If I’m being honest, the only reason I planned to go to Munich is for the places I wanted to visit near Munich, namely Neuschwanstein Castle and the Zugspitze. I didn’t have high expectations and didn’t set the bar high for Munich. I could not have been more wrong and ended up loving this city! There are a lot of really fun and interesting things to do in Munich! Here are the reasons to visit and what you want to know before you go.
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A Brief Munich (München) History
Munich is believed to have been established prior to the 12th century, though the exact timing is unknown. Bavaria, where Munich is located, was established as a sovereign kingdom in 1806, propelling it to become a major European center recognized for architecture, culture, arts, and science.
The ruling house of Wittelsbach governed Bavaria from 1180 to 1918, when they were forced to step down during the German Revolution. The city was declared the “Capital of the Nazi Movement” after the Nazi rise to power and as a result, it was heavily bombed during World War II.
One thing I found really interesting when I visited is the defiance the people of Munich staged against the Nazis. I learned a couple of stories that have been memorialized and they are included below.
Unlike Berlin, Munich made the decision to rebuild to its original state before being largely destroyed. More than 80% of the buildings in Munich were destroyed during this war. Thankfully, the city had pictures of all of the major buildings so they were able to rebuild them to their former glory. It’s a beautiful city worth seeing.
Munich hosted the 1972 summer Olympics and has been on an economic upturn since. Munich is now the third-largest city in Germany, following Berlin and Hamburg.
It is the capital of Bavaria, the second-most populous state in Germany. More than 1.5 million people live in the city and over 6 million are in the metropolitan region. Like many of the larger cities in Europe, it is located on the banks of the Isar River, a tributary of the Danube. Munich is located north of the Bavarian Alps.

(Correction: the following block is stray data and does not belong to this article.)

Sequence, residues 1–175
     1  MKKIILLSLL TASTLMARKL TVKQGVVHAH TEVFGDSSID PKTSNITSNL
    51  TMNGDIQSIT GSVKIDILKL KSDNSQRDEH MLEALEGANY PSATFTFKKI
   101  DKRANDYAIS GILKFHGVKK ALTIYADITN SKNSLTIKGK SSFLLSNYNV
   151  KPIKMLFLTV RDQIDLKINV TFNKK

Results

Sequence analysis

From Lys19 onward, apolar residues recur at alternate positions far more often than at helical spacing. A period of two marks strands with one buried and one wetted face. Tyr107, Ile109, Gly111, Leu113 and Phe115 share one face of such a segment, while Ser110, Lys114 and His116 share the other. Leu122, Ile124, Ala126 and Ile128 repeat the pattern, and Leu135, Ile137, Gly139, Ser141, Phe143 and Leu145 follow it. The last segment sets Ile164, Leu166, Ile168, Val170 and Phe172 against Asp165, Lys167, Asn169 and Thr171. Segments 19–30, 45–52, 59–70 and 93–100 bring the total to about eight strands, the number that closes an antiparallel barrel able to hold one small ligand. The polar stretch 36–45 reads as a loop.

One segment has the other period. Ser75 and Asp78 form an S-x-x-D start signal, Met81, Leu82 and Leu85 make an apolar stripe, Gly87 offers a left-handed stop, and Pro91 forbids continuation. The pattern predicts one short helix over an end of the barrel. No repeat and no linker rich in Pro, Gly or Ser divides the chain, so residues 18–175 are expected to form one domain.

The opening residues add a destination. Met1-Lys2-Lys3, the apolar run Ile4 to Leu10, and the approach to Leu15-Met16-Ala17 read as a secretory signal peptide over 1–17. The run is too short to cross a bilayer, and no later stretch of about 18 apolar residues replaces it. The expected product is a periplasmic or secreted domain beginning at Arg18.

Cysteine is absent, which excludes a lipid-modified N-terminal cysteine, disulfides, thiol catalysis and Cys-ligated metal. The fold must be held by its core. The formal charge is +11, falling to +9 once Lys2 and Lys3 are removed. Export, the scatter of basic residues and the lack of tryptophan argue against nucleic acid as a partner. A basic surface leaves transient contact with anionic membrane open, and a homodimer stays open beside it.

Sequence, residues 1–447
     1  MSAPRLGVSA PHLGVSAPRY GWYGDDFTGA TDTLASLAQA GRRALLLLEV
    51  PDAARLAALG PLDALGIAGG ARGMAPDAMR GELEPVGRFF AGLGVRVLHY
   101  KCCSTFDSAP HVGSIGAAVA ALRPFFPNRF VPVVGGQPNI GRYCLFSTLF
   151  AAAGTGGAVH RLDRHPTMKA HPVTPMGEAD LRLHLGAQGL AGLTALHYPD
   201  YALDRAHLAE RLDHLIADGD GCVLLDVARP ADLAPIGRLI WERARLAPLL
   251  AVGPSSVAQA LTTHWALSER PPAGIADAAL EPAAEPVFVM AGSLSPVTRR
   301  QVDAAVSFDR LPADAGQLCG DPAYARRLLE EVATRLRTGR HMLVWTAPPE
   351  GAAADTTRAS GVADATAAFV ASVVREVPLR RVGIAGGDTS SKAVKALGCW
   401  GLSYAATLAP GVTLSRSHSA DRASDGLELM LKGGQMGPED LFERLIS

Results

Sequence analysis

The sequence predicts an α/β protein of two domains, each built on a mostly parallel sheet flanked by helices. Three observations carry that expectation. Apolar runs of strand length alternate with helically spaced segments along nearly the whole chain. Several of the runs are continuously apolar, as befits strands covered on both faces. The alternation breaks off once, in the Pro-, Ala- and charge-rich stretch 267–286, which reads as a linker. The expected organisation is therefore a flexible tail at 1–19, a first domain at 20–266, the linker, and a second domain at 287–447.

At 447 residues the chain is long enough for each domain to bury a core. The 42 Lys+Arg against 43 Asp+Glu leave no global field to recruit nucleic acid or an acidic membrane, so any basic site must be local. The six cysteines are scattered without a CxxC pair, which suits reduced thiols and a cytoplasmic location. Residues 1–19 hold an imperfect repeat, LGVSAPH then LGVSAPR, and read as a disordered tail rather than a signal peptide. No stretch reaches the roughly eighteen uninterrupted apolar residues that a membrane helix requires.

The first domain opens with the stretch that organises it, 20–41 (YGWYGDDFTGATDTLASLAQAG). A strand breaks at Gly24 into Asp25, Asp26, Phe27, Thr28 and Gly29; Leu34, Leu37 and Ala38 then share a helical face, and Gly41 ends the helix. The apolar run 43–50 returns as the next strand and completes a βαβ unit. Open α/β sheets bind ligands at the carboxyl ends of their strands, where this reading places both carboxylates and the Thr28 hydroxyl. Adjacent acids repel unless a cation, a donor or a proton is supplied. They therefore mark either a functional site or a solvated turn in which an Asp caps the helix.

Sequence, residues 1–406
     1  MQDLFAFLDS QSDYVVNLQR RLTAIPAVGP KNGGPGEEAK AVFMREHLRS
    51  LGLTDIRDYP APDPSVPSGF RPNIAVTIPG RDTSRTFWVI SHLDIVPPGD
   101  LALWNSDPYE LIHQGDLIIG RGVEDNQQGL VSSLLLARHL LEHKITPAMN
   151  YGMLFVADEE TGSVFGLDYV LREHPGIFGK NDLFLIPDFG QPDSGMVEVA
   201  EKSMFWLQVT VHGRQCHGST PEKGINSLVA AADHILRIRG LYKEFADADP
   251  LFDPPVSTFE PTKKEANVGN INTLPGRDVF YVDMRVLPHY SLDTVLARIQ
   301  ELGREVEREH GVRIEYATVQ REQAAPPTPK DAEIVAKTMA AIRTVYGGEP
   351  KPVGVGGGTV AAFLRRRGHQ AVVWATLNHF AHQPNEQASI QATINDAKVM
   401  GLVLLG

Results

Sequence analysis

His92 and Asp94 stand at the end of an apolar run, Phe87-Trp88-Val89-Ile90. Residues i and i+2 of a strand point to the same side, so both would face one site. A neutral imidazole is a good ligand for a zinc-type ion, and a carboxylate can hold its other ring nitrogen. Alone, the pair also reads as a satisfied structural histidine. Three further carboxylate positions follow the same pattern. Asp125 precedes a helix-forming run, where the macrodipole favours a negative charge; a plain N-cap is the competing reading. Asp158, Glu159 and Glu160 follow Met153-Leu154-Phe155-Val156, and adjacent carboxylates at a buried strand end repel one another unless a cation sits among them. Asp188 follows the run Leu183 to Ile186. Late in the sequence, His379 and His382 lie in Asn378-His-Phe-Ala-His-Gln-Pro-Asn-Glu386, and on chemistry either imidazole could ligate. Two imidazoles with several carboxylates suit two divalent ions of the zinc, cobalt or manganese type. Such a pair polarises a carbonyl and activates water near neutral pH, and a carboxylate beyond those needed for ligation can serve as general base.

Munich is a prosperous and fast-growing city with a great quality of living. There are a lot of artistic and cultural attractions here and there are a lot of fun things to do in Munich.
Munich is known as the beer capital of Europe and it may be where beer was founded. The first documented brewery was created by monks here in around 1200 A.D. Of course, a major draw to visit is the annual Oktoberfest, and it is one of the most popular things to do in Munich if you time your visit right.
Things to do in Munich
Munich is a city you can spend a lot of time in to explore. I’d definitely recommend at least two or three days, and more if you plan any day trips. I only had two days and did not feel that was nearly enough!
Take a Free Walking Tour
Munich is a very walkable city, and I highly recommend a free walking tour to get an orientation and some useful information about the city. I recommend the Sandemans New Europe Tour. My guide was excellent and we got to see many of the sites including the Glockenspiel, the famous Hofbräuhaus, and others.
Marienplatz and the New Town Hall (Neues Rathaus)
Marienplatz, or Mary’s Square, is the main square of Munich in the city center. It is flocked by the New City Hall (Neues Rathaus) to the north and the Old City Hall (Altes Rathaus) to the east. At the top of the New City Hall tower is a statue of a monk, and the city is believed to have been named for the many monks who lived there (München means monks in German).